Green Roofs Add More Than Just Color

Updated Mar 14, 2013

Green RoofThere are businesses, companies and even households that are adding a touch of green to the top of their roofs, but what many don’t know is it’s not always for decoration.

A research team from Wageningen University of the Netherlands has discovered electricity used within the building could be produced from plant-covered roofs within a few years.

Additionally, fields of crops can produce electricity helping individuals decide between growing food or bio-fuels.

“The technology is based on the principle that plants make organic matter through photosynthesis and some of this passes into the soil as waste,” according to the Environmental Research Web. “When micro-organisms in the soil break this organic matter down, they also release electrons and protons. The so-called Plant-Microbial Fuel Cell (Plant-MFC) harnesses electricity with the aid of pairs of inert carbon electrodes. An anode in the soil harvests electrons and these combine with protons and oxygen from the air at the cathode, producing water and generating electricity.”

The photosynthesis process is ideal because it can break down organic matter consistently and also work for waterlogged roots.

By using the Netherlands Institute of Ecology’s flat roof, the team has developed a pilot electricity generating covering.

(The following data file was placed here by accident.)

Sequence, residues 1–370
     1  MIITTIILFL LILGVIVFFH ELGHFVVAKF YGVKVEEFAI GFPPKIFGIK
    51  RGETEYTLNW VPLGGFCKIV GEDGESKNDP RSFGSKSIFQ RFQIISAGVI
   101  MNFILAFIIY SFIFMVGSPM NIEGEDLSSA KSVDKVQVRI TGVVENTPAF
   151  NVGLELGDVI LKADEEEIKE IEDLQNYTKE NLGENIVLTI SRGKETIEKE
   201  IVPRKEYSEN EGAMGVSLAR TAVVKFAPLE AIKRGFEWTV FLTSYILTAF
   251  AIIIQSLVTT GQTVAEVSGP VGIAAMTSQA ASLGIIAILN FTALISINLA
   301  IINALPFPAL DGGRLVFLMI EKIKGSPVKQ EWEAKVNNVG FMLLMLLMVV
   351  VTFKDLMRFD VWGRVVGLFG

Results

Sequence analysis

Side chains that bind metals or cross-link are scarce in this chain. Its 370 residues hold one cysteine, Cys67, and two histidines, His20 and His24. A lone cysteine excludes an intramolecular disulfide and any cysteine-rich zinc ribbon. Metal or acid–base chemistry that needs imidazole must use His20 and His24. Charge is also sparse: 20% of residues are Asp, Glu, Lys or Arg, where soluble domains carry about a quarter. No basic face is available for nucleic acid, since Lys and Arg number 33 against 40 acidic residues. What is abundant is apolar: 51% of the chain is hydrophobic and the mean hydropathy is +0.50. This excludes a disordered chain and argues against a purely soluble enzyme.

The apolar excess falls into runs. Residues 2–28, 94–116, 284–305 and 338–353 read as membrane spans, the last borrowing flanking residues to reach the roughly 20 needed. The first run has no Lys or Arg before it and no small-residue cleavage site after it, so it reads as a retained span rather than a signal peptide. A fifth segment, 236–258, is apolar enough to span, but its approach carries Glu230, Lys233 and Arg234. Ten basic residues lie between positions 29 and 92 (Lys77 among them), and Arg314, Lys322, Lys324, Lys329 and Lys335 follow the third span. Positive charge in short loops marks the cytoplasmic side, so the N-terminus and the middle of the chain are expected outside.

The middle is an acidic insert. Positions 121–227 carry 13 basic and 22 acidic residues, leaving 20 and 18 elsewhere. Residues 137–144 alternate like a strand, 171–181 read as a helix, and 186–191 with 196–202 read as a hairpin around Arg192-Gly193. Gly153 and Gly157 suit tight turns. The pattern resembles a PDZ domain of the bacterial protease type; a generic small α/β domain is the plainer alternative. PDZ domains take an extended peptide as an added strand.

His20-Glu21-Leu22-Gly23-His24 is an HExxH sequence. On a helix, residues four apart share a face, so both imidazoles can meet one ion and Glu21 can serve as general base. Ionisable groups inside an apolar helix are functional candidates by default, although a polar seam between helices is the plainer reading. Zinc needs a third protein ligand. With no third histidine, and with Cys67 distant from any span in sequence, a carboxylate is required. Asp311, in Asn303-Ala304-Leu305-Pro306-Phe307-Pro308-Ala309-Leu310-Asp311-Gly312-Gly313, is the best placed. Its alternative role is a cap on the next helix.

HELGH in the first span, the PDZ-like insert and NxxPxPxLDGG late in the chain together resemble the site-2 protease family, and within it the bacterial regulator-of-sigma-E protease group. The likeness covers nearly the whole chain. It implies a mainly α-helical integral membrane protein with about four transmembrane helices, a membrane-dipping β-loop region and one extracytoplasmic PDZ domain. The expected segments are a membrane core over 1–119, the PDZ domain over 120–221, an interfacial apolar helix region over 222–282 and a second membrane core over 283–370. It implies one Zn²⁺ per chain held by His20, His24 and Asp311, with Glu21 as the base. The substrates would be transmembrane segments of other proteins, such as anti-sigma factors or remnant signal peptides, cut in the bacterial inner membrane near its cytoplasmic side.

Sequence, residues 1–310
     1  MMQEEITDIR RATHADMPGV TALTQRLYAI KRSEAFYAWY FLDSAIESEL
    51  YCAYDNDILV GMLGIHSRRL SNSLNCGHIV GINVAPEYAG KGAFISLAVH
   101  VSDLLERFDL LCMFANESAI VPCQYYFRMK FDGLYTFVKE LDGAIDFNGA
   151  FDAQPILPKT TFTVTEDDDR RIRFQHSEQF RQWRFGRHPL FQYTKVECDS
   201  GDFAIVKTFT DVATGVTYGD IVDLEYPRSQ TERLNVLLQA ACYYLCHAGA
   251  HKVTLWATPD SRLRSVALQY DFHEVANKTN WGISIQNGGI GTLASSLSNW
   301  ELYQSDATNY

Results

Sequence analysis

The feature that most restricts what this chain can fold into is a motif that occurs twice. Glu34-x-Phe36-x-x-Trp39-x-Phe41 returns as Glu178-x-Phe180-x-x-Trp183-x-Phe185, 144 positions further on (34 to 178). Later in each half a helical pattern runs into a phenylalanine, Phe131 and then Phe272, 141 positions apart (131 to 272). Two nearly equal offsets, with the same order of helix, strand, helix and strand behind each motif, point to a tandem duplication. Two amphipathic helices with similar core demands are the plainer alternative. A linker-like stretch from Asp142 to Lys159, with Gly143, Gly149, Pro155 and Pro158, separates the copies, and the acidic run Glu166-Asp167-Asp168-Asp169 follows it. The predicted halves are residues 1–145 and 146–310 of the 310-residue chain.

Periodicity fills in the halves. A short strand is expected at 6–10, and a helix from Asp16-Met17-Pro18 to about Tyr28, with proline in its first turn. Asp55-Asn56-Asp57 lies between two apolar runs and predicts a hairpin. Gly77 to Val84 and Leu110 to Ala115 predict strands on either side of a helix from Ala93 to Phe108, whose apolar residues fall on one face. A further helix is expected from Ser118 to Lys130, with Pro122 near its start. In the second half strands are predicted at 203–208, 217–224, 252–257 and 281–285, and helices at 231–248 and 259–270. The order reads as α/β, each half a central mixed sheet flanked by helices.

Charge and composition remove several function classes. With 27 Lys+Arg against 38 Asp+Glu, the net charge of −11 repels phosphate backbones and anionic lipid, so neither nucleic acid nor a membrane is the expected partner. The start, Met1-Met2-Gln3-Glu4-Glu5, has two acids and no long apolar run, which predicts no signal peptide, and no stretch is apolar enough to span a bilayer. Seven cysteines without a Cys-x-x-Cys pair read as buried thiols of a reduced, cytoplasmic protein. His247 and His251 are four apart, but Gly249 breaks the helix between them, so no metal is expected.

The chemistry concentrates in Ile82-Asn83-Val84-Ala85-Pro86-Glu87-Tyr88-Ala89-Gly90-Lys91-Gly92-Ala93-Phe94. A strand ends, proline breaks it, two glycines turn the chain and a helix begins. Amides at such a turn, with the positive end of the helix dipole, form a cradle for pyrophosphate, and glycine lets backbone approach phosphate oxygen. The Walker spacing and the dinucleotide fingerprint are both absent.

“This can currently generate 0.4 W of electricity per square metre of plant growth,” the site states. “According to Marjolein Helder, approximately 15 square metres of plant growth on a roof is sufficient to charge a mobile phone.”

However, this is not the end of the line for the research team as they believe it will be possible to generate as much as 3.2 W per square meter of plant growth, which could provide enough electricity for a home.

“Scaling up is one of our big challenges,” Helder says. Plans to improve the power output involve work on the materials for the electrodes, development of their positioning and increasing the number of electrode pairs. “Right now we only use one pair of electrodes per square metre and one pair gives about 1 V,” Helder adds. “To produce electricity efficiently we would need to produce 5 V or 12 V, either by making a series of electrodes or using power converters. We still need to figure this out.”

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